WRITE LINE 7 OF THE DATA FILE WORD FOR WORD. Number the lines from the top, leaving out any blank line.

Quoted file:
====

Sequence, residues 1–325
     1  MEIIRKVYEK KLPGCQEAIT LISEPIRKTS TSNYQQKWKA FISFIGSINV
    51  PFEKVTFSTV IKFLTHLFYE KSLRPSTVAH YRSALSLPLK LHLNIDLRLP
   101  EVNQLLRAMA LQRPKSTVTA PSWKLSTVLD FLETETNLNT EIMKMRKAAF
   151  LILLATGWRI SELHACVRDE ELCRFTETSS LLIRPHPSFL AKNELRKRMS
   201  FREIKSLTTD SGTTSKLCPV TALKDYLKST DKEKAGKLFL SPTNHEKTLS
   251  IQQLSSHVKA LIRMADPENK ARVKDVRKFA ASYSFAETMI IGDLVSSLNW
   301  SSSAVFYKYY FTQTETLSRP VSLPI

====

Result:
   251  IQQLSSHVKA LIRMADPENK ARVKDVRKFA ASYSFAETMI IGDLVSSLNW